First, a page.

A measure in Congress calls for an investigation into whether the military tried to put pathogens into ticks so they could be used as biological weapons. Rep. Chris Smith hopes a probe could answer whether the chronic illness was spread in this country by a weapons program and possibly lead to a cure, the Asbury Park Press reports. "My hope is, this jump-starts a very aggressive effort to find a cure and see how this (Lyme disease) is growing. It’s pushing out into the Great Lakes area. It’s exploding everywhere," the New Jersey Republican said. The investigation mandate has been added to the defense spending bill by the House, but Senate negotiators would have to approve keeping it in the bill. If it stays, the Pentagon's inspector general would have to report to the House and Senate whether any weaponized ticks were released into the environment—intentionally or not.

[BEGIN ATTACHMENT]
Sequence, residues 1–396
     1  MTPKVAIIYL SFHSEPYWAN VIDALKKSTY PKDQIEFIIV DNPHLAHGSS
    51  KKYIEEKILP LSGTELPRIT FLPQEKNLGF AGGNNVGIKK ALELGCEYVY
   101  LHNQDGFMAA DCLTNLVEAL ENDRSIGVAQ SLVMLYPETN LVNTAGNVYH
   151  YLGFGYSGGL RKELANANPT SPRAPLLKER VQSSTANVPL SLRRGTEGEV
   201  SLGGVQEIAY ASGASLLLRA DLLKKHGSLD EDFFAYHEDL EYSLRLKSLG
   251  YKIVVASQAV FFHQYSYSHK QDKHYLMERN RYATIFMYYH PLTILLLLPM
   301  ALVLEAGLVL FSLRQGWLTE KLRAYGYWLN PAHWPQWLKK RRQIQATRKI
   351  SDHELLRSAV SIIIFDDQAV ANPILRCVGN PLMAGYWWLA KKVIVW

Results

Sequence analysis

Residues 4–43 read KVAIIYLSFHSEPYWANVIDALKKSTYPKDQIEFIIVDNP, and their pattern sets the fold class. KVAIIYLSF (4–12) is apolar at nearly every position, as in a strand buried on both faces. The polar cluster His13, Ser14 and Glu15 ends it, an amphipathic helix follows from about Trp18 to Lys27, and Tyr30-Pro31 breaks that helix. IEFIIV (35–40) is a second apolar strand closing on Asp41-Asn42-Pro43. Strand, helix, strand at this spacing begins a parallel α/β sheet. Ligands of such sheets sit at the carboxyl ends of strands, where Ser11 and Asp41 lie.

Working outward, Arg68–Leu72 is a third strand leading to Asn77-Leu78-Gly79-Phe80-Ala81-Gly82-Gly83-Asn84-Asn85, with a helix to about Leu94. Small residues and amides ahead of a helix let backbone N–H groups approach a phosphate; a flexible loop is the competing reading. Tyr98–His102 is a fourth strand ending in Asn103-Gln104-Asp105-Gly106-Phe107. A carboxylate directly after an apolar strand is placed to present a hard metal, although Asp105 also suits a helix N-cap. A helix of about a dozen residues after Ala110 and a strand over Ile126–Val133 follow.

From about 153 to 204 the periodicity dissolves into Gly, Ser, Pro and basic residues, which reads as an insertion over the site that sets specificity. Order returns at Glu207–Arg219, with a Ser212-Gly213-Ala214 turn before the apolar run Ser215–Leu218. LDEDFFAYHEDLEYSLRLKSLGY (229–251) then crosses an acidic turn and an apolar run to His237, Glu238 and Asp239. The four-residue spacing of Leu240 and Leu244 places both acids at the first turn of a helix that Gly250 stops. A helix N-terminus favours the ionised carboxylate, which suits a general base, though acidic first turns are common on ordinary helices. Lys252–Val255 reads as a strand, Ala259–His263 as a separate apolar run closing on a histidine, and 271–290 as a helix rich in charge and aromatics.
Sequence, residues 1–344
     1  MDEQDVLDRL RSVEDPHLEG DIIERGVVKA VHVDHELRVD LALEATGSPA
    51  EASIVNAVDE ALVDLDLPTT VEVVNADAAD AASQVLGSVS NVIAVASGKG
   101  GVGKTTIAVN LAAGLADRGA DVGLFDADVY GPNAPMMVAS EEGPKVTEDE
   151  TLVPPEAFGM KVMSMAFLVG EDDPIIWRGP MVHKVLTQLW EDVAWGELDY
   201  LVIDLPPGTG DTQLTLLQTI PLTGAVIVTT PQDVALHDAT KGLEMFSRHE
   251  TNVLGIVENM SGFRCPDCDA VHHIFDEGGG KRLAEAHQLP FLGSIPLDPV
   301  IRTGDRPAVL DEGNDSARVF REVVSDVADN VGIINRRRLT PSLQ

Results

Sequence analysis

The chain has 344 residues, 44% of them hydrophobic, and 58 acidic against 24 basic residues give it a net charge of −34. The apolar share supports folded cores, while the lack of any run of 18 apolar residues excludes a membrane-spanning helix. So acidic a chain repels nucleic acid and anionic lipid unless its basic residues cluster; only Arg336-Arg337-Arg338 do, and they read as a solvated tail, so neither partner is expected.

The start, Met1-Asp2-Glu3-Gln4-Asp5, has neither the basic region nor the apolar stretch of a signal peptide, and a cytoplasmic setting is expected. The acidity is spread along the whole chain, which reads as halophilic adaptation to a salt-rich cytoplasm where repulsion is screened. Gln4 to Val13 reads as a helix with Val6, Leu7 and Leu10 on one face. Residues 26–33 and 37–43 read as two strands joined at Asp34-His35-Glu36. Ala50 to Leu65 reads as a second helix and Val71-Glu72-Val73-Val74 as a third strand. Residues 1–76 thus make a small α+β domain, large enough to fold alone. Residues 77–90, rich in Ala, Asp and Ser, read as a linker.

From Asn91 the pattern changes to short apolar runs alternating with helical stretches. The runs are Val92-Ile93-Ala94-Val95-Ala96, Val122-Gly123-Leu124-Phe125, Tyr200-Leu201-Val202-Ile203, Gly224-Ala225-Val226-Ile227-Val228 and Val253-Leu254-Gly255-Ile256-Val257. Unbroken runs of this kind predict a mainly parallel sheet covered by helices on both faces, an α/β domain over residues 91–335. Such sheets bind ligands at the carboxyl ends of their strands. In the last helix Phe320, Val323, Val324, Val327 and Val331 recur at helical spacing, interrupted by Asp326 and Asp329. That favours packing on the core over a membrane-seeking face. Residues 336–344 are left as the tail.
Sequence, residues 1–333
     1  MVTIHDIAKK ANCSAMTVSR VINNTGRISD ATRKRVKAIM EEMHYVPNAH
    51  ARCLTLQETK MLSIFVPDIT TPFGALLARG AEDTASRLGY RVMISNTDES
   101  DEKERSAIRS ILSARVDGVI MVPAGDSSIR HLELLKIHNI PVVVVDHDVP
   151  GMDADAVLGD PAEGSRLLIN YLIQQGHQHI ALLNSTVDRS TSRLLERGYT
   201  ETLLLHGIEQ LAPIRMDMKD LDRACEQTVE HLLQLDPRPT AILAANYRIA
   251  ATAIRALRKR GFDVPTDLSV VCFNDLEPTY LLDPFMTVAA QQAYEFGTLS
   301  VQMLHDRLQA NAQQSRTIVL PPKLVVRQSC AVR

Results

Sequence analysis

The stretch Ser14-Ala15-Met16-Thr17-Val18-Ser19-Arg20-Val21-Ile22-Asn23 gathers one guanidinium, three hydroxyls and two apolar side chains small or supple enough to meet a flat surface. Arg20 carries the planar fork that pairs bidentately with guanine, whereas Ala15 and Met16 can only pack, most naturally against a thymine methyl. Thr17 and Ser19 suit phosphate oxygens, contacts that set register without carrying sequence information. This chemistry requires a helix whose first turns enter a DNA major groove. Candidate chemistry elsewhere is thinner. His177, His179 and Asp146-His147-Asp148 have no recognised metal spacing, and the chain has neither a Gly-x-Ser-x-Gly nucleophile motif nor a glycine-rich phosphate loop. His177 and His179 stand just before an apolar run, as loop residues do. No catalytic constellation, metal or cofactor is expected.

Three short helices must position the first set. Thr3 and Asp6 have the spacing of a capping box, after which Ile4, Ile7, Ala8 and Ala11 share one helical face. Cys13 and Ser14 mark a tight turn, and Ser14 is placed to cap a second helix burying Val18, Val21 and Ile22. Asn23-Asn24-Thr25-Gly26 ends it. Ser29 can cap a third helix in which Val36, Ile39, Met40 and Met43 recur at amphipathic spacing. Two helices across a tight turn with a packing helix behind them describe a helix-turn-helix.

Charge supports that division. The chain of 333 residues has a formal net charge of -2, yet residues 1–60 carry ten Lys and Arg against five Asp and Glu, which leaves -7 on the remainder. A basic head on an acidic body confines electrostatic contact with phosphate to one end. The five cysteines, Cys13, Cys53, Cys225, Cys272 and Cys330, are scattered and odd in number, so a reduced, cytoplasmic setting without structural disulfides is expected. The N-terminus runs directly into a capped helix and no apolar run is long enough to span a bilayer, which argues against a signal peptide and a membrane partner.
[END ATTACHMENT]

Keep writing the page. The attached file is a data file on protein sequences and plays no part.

Smith said he was influenced by "a number of books and articles suggesting that significant research had been done at US government facilities, including Fort Detrick, Maryland, and Plum Island, New York, to turn ticks and other insects into bioweapons." Experts have doubted the theories, per CBS, which include the possibility that the CDC was in on a cover-up. Either way, Smith has been a staunch advocate of increased efforts to fight Lyme disease; the CDC says about 30,000 new cases are reported to it each year. Smith has also introduced a bill to set a national strategy for combating Lyme disease, which would include $180 million in increased funding for research, prevention, and treatment programs. At the moment, the CDC spends about $11 million per year on Lyme disease research. (Read more Lyme disease stories.)